2. In a medium saucepan, melt 2 tablespoons of the butter over medium heat.
  3. Add onion; cook, stirring occasionally, until softened but not browned, about 5 minutes.
  4. Add garlic; cook 1 minute more.
  5. Add tomato paste; cook, stirring until color deepens, about 2 minutes.
  6. Add sherry; bring to a boil. Reduce heat and simmer until reduced slightly, about 3 minutes.
  7. Add broth, strained mushroom liquid, rehydrated mushrooms and thyme sprigs; bring to a boil. Simmer 15 minutes.
  8. Strain again through a fine-mesh sieve into a bowl, pressing on solids (discard solids). Do not wash pan.
  9. Melt remaining 6 tablespoons butter in the same saucepan over medium heat. Add flour; cook, whisking, 1 to 2 minutes (don’t let flour brown).
  10. Add about 1/2 cup of the hot broth, whisking to blend. Add remaining broth a bit at a time, whisking until mixture is smooth. Season with pepper.

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Gravy source: MidwestLiving.com

Spiced Chicken with Corn, Mushrooms and Zucchini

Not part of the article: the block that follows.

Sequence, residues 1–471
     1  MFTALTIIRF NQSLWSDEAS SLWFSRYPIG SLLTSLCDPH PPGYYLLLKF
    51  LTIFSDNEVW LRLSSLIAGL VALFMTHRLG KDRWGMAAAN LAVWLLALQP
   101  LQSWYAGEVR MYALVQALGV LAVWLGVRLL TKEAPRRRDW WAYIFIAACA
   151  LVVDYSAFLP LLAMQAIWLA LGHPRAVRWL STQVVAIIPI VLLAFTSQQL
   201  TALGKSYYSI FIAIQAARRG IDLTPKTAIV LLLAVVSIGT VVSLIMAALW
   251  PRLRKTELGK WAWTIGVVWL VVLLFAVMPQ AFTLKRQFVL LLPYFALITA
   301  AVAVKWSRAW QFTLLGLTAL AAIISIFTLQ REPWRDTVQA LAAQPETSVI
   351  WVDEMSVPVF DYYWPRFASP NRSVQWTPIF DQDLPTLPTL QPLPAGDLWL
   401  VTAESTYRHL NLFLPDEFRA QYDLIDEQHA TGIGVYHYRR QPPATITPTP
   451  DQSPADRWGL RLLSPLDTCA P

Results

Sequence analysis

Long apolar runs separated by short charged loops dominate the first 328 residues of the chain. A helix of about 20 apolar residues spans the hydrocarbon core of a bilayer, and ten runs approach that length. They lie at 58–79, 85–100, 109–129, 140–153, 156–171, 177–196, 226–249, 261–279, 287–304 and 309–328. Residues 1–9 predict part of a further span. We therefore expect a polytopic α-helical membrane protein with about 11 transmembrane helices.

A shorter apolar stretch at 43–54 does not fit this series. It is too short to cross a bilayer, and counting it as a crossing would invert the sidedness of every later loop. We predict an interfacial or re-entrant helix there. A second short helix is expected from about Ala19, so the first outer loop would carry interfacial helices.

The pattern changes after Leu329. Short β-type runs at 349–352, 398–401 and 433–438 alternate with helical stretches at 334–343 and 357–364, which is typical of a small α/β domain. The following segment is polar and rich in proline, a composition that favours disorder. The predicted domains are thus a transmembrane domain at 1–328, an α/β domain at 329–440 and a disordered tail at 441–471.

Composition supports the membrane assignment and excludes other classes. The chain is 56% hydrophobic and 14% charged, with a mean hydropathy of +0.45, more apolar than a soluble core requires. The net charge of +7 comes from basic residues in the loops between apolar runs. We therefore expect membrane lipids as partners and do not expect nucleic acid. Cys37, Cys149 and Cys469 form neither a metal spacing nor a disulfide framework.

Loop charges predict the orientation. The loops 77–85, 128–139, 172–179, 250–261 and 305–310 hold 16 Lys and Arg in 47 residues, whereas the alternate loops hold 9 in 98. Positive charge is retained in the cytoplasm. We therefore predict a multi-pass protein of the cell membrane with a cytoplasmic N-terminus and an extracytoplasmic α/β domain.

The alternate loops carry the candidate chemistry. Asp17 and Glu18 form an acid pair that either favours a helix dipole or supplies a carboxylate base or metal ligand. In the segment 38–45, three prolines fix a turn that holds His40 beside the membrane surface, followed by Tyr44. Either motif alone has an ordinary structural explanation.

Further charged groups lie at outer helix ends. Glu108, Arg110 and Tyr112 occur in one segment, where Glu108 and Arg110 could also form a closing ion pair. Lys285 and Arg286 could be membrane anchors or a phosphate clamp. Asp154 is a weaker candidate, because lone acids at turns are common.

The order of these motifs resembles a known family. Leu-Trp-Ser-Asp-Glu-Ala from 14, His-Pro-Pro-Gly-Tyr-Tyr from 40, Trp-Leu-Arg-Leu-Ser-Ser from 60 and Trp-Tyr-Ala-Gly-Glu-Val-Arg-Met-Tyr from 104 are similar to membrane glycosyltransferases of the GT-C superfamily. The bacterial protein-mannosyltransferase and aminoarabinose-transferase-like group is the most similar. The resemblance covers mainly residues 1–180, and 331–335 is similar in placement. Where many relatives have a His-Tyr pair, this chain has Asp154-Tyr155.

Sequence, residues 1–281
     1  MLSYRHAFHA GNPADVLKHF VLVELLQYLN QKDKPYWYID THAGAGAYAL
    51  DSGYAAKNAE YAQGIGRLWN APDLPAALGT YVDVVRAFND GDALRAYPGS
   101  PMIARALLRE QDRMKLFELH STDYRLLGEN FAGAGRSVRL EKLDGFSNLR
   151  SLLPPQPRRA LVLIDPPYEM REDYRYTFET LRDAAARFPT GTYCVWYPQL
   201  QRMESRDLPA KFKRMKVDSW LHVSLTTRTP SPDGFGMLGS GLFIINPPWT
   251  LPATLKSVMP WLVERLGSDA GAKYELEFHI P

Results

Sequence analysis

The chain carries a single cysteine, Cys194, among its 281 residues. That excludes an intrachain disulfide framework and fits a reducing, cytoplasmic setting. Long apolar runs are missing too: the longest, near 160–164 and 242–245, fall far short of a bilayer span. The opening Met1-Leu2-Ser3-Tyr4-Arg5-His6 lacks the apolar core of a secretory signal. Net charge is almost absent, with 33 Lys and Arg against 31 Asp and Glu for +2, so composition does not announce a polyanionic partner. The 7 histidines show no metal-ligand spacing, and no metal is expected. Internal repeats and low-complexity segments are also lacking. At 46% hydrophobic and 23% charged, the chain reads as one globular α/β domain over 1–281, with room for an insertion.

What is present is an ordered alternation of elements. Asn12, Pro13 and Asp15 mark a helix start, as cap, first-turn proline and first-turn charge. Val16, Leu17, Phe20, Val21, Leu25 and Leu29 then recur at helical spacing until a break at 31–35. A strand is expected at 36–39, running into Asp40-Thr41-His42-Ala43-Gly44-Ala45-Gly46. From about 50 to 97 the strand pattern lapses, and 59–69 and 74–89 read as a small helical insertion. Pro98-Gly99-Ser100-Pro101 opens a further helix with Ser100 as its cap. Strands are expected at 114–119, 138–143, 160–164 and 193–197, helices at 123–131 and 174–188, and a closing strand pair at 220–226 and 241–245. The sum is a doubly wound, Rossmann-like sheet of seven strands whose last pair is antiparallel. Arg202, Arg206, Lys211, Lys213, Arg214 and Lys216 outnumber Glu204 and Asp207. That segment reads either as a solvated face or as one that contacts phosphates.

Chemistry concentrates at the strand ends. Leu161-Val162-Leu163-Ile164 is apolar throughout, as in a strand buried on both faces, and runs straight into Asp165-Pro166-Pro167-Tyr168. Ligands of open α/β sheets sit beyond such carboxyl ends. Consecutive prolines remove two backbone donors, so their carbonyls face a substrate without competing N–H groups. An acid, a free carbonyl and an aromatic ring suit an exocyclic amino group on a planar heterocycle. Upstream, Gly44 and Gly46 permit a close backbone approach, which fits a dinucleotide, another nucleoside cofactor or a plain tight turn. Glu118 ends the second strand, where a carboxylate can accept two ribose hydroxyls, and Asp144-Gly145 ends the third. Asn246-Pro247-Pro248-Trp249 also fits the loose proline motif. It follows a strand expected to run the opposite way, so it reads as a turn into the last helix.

Although summer produce season was nearing its end, we easily scored some fresh corn and zucchini to make this flavorful Spiced Chicken with Corn, Mushrooms and Zucchini. It’s a one pan meal that’s ready in a total of 45 minutes. Cooked in a skillet, the spiced chicken takes on a brick-red hue with a moderately spicy kick. (You can adjust the amount of heat by adding or eliminating the amount of cayenne.)

Here gochugaru—Korean red chile flakes—imbues this one-skillet chicken and vegetable supper with its deep, savory flavor, gentle heat and a hint of smokiness. But don’t fret if you can’t find gochugaru, just substitute ancho chile powder, regular chili powder or chipotle chile powder (or choice) for a delicious but different taste profile. Add more cayenne or eliminate it to adjust the level of heat, which is moderate as written. (Gochugaru can be found at Asian markets, well stocked supermarkets or online.)